Great, so now we know what that voice is, how do we deal with it? I’m sure there are many ways to deal with Fear, these are just a few of the ones that I’ve found helpful. And remember, that voice is never going to totally go away—Fear is apart of you and will always be with you (and really you don’t want it to vanish completely. It is the voice that keeps you safe, after all!) The goal here is to learn how to handle it when it starts preventing you from being your true vulnerable, creative self. 


Just like the Wizard of Oz, Fear is just a little frightened being hiding behind a curtain, speaking bigger than it has any right to do. It will say things that sound true, with an authority that you might find hard to dispute, but it’s all just a show. It literally can’t know more than you because it is you. Fear will tell you that your work is no good, that no one will like it, that you are a failure— but how does it know what other people think? Do you know what is on every single person’s mind? Can you guarantee that there’s no one out there who would appreciate what you do? Of course not. You’re not omniscient, and neither is Fear. Everything it says is A BIG FAT LIE. 


Imagine pulling back the curtain and discovering Fear hiding behind it. What does it look like? Does it look like you, or someone you know, or maybe it’s not human at all. What is its name? When it sees you’ve discovered its secret is it angry? Humiliated? Scared?  Really take the time to “see” your Fear. 

Once you know what your Fear looks like, and its name, you can finally have a conversation with it, rather than just listening to what it has to say. I like doing this exercise by writing down what I want to say to my Fear, but if you want to imagine it, or have a full out conversation, you do you. The most important thing is to just begin a dialogue with this voice. Find out what exactly it’s afraid of. Take the time to let it know that there’s nothing to truly be afraid of, and that being vulnerable is a strength not a weakness. Reassure it that it’s safe; being safe is very important to Fear. It constantly needs to be reminded that everything is gonna be okay.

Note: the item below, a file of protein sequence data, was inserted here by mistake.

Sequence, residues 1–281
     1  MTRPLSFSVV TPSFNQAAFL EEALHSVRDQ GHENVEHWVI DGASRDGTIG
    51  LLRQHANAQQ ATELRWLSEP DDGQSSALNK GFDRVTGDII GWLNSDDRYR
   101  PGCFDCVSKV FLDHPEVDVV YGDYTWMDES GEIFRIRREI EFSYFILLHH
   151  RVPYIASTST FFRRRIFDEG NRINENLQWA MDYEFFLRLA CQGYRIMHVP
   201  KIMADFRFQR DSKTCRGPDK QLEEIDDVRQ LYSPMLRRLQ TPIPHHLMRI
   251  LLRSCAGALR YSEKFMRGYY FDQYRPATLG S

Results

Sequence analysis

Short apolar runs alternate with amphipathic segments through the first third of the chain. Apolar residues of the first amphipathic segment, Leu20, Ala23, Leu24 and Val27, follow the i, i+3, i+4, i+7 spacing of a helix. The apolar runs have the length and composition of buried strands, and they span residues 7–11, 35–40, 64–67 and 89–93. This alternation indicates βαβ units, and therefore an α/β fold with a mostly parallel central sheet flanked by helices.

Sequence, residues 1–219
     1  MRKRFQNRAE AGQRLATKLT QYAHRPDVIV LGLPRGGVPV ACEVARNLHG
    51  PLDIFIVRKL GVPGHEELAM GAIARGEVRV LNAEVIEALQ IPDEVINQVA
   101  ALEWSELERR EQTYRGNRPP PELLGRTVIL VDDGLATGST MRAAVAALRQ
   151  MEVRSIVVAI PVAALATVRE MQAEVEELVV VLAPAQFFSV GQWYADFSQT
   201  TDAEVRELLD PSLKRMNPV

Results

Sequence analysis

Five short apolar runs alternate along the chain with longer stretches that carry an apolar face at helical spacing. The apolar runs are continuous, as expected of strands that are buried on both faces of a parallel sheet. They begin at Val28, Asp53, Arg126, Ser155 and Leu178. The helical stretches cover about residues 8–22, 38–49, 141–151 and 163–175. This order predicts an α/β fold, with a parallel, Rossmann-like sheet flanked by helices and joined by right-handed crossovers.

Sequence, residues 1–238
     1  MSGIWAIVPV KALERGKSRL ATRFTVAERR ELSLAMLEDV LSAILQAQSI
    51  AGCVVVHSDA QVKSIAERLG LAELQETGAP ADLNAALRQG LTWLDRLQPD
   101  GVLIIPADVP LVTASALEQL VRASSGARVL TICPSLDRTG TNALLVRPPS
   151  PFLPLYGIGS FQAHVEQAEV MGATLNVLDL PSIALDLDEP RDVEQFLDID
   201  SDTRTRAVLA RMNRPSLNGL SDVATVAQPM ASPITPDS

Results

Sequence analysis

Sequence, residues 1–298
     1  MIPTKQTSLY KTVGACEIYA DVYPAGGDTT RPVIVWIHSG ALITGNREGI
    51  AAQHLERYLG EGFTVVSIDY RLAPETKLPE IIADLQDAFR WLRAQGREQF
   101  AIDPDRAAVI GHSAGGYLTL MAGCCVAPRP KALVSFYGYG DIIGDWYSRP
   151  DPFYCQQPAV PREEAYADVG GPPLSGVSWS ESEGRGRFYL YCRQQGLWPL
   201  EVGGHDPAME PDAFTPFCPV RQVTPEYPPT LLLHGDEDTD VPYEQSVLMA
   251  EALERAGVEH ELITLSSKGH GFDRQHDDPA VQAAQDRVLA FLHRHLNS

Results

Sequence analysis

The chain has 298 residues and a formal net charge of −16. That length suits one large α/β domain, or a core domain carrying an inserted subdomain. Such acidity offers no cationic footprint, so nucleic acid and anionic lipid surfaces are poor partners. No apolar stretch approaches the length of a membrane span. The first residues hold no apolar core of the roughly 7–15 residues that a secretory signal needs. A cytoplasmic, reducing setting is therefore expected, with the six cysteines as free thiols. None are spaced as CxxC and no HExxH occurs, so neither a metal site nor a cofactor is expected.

And don’t forget why you’re creating. There’s a reason you want to be vulnerable and push yourself to new artistic heights. Know what it is, and let it be your guiding light. If you have a strong clear reason for creation, you will have the energy to deal with Fear when it rears its ugly head. 


Hopefully after a good long talk you will have Fear on your side for the moment, but no matter how quiet Fear might be after you calm it down, it will speak up again at some point. Unless you’re devoid of emotion, it’s never truly going to leave you and that’s ultimately a good thing. The important thing for you to remember is that dealing with negative self-talk is not a one step method, it’s a practice. You need to keep the conversation with Fear going. As long as you remember that that nasty voice is really just a scared little wimp looking for your reassurance and trying to scare you to protect you, you should be able to keep it in line. Just take it moment by moment, hold onto the why of your creation, and remember— YOU GOT THIS.

No Comments

Leave a Reply